Another important point you Republicans need to make is that no president, regardless of political party, has the authority to simply declare a change in a law. Only totalitarian dictators can do that. We live in a constitutional republic where the rule of law must prevail. Make a strong case before the public that Obama has stepped so far out of bounds with his latest pronouncement that he has taken on the air of a dictator. Convince the citizens that this must be stopped at all costs. The very future of our form of government is at stake.

Prayer for NationFinally, for those of you who claim the name of Christ, now is the time to pray. That’s not just some pious platitude. I’m beginning to hope that the reason we are seeing this Obamacare monster blow up/disintegrate before our eyes may be the result of the fervent prayers of many. Those pleas to the God of heaven must continue, coupled with humility and a sense of our own culpability for ever permitting this nation to fall to this low ebb spiritually and morally. For some, the following Scripture may have become a cliché, but it’s worth repeating:

If my people, who are called by My name, humble themselves and pray and seek My face and turn from their wicked ways, then I will hear from heaven, will forgive their sin and will heal their land.

Lord, as a people, we lack humility. Wicked ways permeate our society. Yet Your promises of forgiveness and healing remain. Please forgive us and start the healing we so urgently need.

The God of the Second Chance: A Personal Testimony

I was a young man on fire for the Lord. At age 22, just after graduation from college, I became part of the ministry of the Christian Broadcasting Network (CBN). As an on-air radio announcer, I played contemporary Christian music and offered whatever spiritual insights a 22-year-old could possibly offer.

Then my church started a Christian school and looked around for someone with a degree of some kind to become its headmaster. My radio, television, and film degree seemed to qualify at that point. I was also eager to take on the task.

A longer story made much shorter: I was too young, too inexperienced, and too immature to handle that responsibility. For various reasons, I wandered away from the Lord and eventually left that position.

Too many testimonies spend far too much time highlighting the sins of one’s former life. I don’t wish to do that. Suffice to say I was angry with God, filled with ingratitude for what He had given me in life, and looking for some reason to abandon Him entirely. In short, I was in open rebellion.

At the height of this rebellion, I decided to go back to college to earn a doctorate in history, which had been my minor in my undergraduate years. This decision was made without seeking God’s leading; I really didn’t care what He thought, if He was even there at all. What I hoped was that these degrees, and all the learning I would imbibe along the way, would provide a meaning for my life that now was missing.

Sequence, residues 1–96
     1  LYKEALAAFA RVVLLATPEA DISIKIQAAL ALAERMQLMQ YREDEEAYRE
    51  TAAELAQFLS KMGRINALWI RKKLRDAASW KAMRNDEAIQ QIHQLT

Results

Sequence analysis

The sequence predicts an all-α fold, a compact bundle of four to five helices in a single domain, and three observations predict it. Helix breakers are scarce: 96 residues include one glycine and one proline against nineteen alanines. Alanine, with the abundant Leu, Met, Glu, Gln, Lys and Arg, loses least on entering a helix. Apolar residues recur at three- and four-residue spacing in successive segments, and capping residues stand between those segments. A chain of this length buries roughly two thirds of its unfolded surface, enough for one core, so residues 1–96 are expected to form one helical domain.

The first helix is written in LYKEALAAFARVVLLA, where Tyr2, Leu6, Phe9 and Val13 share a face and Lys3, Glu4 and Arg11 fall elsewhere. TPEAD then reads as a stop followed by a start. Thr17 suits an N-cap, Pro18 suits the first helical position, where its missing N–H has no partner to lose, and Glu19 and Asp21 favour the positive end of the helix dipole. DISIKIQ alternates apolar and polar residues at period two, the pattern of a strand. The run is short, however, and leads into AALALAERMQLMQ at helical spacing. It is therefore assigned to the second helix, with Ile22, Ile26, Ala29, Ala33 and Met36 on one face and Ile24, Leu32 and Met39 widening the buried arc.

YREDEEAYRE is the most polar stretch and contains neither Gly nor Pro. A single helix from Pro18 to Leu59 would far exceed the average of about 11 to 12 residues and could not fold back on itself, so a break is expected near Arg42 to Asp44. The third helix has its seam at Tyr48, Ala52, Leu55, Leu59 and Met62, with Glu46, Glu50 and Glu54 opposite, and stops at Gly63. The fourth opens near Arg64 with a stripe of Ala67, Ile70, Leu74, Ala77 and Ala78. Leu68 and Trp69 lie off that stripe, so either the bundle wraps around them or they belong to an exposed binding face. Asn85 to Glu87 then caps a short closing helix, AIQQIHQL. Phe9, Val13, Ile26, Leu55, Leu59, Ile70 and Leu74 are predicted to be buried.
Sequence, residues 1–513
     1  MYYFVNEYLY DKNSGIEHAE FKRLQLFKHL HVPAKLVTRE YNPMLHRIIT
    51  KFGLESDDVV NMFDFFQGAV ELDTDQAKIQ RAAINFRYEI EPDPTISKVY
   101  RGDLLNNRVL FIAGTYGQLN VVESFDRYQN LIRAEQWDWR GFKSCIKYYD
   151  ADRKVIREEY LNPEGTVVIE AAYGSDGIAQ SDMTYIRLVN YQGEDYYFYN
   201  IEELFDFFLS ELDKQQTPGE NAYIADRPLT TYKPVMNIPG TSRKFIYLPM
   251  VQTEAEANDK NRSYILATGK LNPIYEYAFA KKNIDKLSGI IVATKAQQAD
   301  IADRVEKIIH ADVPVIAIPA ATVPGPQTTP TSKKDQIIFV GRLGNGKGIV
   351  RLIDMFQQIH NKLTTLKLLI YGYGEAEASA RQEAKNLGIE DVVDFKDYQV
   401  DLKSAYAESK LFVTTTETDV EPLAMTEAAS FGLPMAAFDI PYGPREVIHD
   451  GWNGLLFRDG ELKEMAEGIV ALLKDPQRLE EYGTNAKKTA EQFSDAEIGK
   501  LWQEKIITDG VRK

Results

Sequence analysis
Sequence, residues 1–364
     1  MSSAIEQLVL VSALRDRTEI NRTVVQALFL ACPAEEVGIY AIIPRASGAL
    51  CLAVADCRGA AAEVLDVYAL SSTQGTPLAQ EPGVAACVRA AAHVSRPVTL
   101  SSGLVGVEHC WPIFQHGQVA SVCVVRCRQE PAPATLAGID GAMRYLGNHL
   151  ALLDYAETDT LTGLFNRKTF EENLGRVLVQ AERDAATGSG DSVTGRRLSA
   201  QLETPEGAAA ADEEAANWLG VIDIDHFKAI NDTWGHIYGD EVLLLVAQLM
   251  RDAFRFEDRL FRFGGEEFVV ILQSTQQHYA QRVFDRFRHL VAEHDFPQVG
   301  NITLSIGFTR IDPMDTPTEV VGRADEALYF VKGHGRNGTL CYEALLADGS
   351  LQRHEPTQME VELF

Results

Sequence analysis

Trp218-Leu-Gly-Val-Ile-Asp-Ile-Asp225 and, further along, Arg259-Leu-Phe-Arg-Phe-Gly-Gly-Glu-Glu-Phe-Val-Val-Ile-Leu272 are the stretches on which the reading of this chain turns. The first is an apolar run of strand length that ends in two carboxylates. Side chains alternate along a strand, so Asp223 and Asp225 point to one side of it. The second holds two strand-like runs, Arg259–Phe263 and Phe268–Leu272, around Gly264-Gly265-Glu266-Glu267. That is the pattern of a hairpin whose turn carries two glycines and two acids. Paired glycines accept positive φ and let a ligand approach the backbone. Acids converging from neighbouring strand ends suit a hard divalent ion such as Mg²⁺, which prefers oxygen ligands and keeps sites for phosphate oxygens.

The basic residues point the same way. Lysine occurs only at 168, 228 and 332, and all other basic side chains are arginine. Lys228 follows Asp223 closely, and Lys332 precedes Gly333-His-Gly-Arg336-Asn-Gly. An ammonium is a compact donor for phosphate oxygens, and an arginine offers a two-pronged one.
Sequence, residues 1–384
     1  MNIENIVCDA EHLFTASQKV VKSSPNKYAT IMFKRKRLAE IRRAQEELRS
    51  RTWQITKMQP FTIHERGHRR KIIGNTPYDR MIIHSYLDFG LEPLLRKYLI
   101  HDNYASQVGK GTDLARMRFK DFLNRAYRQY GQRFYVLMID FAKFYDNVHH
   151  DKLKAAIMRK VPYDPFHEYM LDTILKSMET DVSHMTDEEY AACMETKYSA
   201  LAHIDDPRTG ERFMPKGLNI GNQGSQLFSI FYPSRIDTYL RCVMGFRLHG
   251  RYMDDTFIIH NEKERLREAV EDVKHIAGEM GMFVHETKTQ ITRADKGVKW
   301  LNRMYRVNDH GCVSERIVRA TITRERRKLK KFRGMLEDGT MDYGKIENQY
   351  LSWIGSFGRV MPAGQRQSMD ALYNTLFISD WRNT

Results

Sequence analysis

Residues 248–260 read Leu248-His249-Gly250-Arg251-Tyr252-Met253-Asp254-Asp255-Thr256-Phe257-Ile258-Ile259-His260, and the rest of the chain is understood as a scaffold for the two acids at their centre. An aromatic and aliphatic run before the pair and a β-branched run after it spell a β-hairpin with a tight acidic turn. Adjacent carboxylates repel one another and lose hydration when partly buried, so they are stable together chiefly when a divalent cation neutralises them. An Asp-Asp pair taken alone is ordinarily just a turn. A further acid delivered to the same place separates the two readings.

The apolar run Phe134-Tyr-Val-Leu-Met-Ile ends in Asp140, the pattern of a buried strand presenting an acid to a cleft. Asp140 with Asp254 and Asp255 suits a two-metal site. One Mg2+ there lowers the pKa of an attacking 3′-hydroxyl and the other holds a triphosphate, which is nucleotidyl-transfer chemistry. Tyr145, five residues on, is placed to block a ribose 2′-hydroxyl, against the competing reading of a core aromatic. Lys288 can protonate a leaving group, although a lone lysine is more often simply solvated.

I applied myself to higher education with all my being, completing my master’s degree in one year, then moving on to the doctorate. Two years later, I had finished everything necessary for the degree except the doctoral dissertation. After three strenuous years of reading, researching, writing, and test-taking, I was almost exhausted.

What was even worse was I had come no closer to genuine meaning for my life than when I had started. When you come to the end of yourself, that’s where you will find the Lord patiently waiting for you.

EcclesiastesI began to read the Bible again and slowly came to the realization that I had been a fool. One particular passage stood out to me one day, found in Ecclesiastes 12:11-14:

The words of wise men are like goads, and masters of these collections are like well-driven nails; they are given by one Shepherd. But beyond this, my son, be warned: the writing of many books is endless, and excessive devotion to books is wearying to the body. The conclusion, when all has been heard, is: fear God and keep His commandments, because this applies to every person. For God will bring every act to judgment, everything which is hidden, whether it is good or evil.

It would have been difficult to find a more appropriate passage to speak to my condition. I had wearied myself with devotion to books. What I needed was to once again fear God and keep His commandments.

I wasn’t sure if I was supposed to finish my doctoral degree. After all, I hadn’t asked God about it in the first place. Yet He opened up time for me to do so, with an assurance that somehow He could use this degree for His kingdom. When an opportunity came to teach as an adjunct faculty at Regent University, I gladly accepted it.

Regent was a three-hour drive from my home, so I would travel there once a week to teach a couple of master’s-level courses. I still struggled, though, with whether I was completely forgiven by God for all those wasted years and the damage I had done with my bad attitudes and other sins during that time.

One day, in January 1989, as I was making that trek to Regent, I was listening to music as I drove. The song was an old hymn of the church, It Is Well with My Soul. When I listened to the second verse, it came alive:

My sin, oh the joy of that glorious thought, my sin, not in part, but the whole, is nailed to the cross and I bear it no more. Praise the Lord, praise the Lord, oh, my soul.

As soon as those words filled my mind, something else filled my mind: a voice spoke, declaring, “That’s for you.”